Salary Survey 2018
MEDIA, JOBS & RESOURCES FOR THE COMMON GOOD
NEWS  |  Finance, Philanthropy

Twitter Call for Aussies to Write to Asylum Seekers


Thursday, 10th April 2014 at 11:45 am
Staff Reporter, Journalist
Prominent barrister and asylum seeker advocate Julian Burnside QC has begun a letter writing campaign to asylum seekers held on Nauru and Manus Island.

Thursday, 10th April 2014
at 11:45 am
Staff Reporter, Journalist


0 Comments


FREE SOCIAL
SECTOR NEWS

 Print
Twitter Call for Aussies to Write to Asylum Seekers
Thursday, 10th April 2014 at 11:45 am

Prominent barrister and asylum seeker advocate Julian Burnside QC has begun a letter writing campaign to asylum seekers held on Nauru and Manus Island.

Burnside is using the social media outlet Twitter to call on Australians to write to more than 400 asylum seekers he knows of in Australia’s offshore detention centres.

Burnside says the campaign is the nearest thing to human contact for “people we have sent away and are mistreating”.

“A similar letter-writing campaign in the early 2000s was very valuable in helping keep up the spirits of asylum seekers. This time we have people in offshore detention,” Burnside told Pro Bono Australia News.

“One of the motivations is to show people being held on Manus Island and Nauru that not every Australian hates them. It’s like reaching out a hand to them.”

Barrister and asylum seeker advocate Julian Burnside QC has taken to Twitter to launch his letter writing campaign to asylum seekers.

Burnside said the experience from the earlier letter writing campaign was that when asylum seekers wrote back the effect was life changing for many Australians.

The asylum seeker advocate says for practical reasons and for the sake of privacy he is asking contributors to send the letters to him and he will distribute them to his list of some 400 offshore asylum seekers.

“I have a list of the people in the camps and I will be distributing the letters along with more paper and the self-addressed envelopes from the Australian letter writers. I will provide a covering letter and I will also be asking the detainees to provide the names of others in the camps with them,” he said.

“The original campaign saw thousands of letters from concerned Australians and back then there was nothing like Twitter to promote it.”

Julian Burnside was awarded the Human Rights Law Award, sponsored by the Law Council of Australia in 2004.

The Award recognised Burnside's on-going contribution towards protecting the human rights of individuals and groups.

Burnside has been previously quoted as saying that after 40 years of commercial practice, it was his pro bono work for asylum seekers that finally gave him a sense of “doing something useful”.

How to send a letter:

Write a letter, but not directed to a specific person.  Say who you are, so the recipient will not wonder whether you are acting for the government. Tell them something about yourself.  Let them know that not all Australians are hostile to them.  Be sensitive to their circumstances.  Encourage them to write back to you.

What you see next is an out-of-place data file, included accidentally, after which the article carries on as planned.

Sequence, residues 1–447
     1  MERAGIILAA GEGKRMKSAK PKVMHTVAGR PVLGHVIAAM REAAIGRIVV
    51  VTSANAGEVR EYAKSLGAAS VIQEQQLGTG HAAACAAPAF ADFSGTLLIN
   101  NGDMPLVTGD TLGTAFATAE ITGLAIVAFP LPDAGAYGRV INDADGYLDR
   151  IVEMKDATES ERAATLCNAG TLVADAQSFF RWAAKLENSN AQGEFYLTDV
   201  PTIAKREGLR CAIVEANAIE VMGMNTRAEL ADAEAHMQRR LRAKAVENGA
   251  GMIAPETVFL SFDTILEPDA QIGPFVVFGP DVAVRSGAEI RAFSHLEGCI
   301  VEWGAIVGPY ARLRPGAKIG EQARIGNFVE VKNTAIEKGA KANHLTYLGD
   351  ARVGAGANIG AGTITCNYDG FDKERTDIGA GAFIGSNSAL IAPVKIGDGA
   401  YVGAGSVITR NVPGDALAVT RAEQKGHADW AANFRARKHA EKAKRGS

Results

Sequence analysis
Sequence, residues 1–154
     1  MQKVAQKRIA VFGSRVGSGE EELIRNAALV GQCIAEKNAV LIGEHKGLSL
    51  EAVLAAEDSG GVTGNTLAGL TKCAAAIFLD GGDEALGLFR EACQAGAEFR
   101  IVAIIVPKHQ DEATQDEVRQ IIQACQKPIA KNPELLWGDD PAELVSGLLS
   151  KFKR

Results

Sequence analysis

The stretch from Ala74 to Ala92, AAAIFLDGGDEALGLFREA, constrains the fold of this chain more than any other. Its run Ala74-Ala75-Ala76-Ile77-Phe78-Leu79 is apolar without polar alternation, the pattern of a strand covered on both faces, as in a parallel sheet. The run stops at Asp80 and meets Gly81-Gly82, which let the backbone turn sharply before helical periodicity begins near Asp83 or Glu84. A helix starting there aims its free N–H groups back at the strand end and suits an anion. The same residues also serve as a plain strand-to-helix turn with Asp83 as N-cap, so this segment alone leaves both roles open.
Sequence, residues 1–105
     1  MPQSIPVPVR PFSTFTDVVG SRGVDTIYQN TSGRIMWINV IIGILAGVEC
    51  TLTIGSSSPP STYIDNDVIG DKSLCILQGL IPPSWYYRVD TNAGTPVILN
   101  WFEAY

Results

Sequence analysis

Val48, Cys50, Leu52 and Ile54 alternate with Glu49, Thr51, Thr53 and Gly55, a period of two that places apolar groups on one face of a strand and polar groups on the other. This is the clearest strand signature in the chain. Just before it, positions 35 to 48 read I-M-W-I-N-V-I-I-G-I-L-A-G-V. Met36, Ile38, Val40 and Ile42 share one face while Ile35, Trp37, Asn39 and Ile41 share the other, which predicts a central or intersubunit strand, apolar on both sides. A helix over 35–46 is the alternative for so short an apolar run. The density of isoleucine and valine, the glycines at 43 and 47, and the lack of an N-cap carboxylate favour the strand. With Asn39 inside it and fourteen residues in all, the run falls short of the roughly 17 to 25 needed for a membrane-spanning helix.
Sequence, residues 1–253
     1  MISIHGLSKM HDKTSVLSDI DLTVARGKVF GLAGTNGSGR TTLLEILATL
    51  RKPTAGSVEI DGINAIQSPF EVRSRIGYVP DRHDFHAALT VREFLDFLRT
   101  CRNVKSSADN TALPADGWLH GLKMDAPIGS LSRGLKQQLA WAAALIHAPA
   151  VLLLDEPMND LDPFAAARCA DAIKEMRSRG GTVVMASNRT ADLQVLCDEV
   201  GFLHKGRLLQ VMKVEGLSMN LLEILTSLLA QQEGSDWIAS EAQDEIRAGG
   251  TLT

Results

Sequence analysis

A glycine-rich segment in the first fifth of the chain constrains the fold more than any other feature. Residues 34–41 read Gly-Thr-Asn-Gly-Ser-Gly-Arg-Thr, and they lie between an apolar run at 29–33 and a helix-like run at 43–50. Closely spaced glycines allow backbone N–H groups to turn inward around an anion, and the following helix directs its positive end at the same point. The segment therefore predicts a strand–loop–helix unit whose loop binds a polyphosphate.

Send the letter to:

Julian Burnside

205 William St

Melbourne, 3000

  1. Enclose a self-addressed envelope

  2. I will post your letter (with your self-addressed envelope) to a specific asylum seeker on Manus or Nauru.  I will explain the letter-writing program and I will include some writing paper and your self-addressed envelope so they are able to reply.

  3. When you get a reply, just keep writing to that person.  If you want, you can ask them for the names of other people you can write to.

It is simple.

If you decide to take part in the letter writing campaign, you might like to share the responses you get, and encourage your friends to write to asylum seekers.

Follow Julian Burnside on Twitter: @JulianBurnside


Staff Reporter  |  Journalist  |  @ProBonoNews



Got a story to share?

Got a news tip or article idea for Pro Bono News? Or perhaps you would like to write an article and join a growing community of sector leaders sharing their thoughts and analysis with Pro Bono News readers?

Get in touch at news@probonoaustralia.com.au


YOU MAY ALSO LIKE

Anglicare Says Support Service Cuts Are Hurting Asylum Seekers

Luke Michael

Wednesday, 14th March 2018 at 6:13 pm

What Marketers Can Do to Raise the Bar for NFPs

Contributor

Tuesday, 6th February 2018 at 8:42 am

Top Five Social-Media Predictions For 2018

Alecia Hancock

Wednesday, 31st January 2018 at 2:11 pm

POPULAR

Housing the Other 94% of NDIS Recipients

Luke Michael

Monday, 23rd April 2018 at 1:02 pm

NDIS Urged to Implement Portable Training System for Workers

Luke Michael

Tuesday, 17th April 2018 at 8:31 am

Disability Advocates Slam Plans to Outsource NDIA Services

Luke Michael

Tuesday, 24th April 2018 at 5:52 pm

Communication is Key for Shared Value

Wendy Williams

Wednesday, 18th April 2018 at 4:45 pm

Write a Reply or Comment

Your email address will not be published. Required fields are marked *


CSB
pba inverse logo
Subscribe Twitter Facebook

Get the social sector's most essential news coverage. Delivered free to your inbox every Tuesday and Thursday morning.

You have Successfully Subscribed!